Teaching Social Studies Inquiry and

Argument Writing with Sources


A Process that Structures Inquiry and Argument Writing Through a Set of Disciplinary Literacy Tools.

A Progression in Types of Argument Writing Across Investigations of History/Social Science Content.

Typical social studies instruction positions teachers and textbooks as the only sources of valid knowledge and marginalizes the voices and agency that students bring to the classroom. As a consequence, social studies classrooms have often been places where students are only given opportunities to listen quietly to the teacher or memorize fixed narratives of national progress that silence histories of violence and oppression and obscure Whiteness. There is often little room for discussion, critique, or argument, and little opportunity to situate oneself in relation to the past or few opportunities to develop the literacies often required to assert oneself in the present.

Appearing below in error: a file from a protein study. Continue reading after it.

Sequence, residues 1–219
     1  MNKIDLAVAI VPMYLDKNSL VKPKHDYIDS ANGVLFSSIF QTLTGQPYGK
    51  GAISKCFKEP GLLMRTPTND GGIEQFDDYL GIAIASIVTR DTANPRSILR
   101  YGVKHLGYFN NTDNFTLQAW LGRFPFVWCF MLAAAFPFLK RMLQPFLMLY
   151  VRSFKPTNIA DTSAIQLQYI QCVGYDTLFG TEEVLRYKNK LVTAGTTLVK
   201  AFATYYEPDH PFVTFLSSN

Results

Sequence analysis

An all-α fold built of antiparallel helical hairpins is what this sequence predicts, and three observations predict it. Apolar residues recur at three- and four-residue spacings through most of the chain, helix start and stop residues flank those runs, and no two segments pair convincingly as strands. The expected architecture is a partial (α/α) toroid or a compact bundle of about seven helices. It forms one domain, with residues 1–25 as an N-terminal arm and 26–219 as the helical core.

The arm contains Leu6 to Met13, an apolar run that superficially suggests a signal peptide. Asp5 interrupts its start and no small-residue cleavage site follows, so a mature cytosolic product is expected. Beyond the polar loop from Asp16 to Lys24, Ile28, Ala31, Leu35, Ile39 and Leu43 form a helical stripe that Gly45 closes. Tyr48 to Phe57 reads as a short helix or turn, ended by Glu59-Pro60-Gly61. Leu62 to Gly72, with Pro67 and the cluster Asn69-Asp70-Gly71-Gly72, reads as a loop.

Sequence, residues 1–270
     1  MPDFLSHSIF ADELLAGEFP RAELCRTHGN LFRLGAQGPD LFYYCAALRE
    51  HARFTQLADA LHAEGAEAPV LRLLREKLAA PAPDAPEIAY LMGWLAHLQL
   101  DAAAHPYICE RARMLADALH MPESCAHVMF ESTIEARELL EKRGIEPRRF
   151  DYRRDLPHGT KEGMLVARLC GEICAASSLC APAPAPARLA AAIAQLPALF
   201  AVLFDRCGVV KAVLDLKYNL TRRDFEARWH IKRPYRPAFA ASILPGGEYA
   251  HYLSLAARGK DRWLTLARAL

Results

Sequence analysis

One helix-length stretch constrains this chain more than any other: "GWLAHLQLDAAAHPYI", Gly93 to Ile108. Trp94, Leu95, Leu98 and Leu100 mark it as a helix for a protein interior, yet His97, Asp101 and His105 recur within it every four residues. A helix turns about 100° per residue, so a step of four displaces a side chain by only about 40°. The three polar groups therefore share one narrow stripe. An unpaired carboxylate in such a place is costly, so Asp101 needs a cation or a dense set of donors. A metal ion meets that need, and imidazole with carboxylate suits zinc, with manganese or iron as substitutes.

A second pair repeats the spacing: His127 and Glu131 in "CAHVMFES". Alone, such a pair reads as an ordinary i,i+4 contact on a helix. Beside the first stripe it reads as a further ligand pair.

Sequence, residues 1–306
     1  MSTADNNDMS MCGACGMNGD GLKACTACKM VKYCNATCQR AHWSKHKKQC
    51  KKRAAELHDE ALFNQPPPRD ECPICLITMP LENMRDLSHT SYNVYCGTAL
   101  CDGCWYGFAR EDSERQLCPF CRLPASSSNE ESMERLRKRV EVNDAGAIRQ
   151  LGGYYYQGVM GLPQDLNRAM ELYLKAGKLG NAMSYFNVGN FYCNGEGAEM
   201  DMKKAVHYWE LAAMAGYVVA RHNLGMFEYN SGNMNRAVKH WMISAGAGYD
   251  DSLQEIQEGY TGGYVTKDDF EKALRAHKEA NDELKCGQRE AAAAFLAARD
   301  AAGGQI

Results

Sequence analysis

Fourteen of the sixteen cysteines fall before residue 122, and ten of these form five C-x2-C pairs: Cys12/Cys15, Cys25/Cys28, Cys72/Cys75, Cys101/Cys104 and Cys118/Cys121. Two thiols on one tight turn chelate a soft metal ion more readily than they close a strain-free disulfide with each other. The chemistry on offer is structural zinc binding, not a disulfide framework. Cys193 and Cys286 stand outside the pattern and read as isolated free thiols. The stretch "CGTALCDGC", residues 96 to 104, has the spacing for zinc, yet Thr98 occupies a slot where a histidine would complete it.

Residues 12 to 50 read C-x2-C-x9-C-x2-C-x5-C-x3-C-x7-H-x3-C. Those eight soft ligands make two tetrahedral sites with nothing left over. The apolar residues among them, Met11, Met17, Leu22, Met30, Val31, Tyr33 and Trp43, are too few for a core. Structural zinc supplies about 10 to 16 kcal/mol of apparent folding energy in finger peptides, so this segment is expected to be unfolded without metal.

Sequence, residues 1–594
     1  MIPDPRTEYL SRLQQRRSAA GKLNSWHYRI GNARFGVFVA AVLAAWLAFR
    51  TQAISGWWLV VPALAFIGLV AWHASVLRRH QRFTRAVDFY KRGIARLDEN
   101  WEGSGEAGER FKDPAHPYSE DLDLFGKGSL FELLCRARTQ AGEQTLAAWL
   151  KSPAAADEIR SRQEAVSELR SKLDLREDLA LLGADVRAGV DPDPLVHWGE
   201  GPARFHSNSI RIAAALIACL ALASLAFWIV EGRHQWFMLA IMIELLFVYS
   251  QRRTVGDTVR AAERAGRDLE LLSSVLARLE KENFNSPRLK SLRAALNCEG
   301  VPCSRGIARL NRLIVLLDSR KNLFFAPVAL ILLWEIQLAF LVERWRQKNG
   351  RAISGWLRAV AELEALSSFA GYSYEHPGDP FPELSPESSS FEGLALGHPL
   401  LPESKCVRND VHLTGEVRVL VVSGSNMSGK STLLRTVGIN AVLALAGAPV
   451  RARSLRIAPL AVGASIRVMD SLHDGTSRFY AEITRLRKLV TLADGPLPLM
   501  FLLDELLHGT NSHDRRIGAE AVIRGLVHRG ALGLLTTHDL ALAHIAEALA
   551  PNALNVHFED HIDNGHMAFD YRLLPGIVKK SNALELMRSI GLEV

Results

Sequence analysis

Read.Inquire.Write. curriculum supports middle school students’ full participation in inquiry and argument writing in social studies across 6th through 8th grades. We focus particularly on English learners—both newcomers and mainstreamed bi/multilingual learners—and students who have experienced less success in school. This project is currently funded by the Library of Congress Teaching with Primary Sources Consortium and has been funded by the Spencer Foundation and the Braitmayer Foundation in the past.

If you look at kids who are below grade level in reading, they can all do the writing; they know how to do it and they are confident.
Kimberly Harn, Middle School Teacher, Ann Arbor, MI

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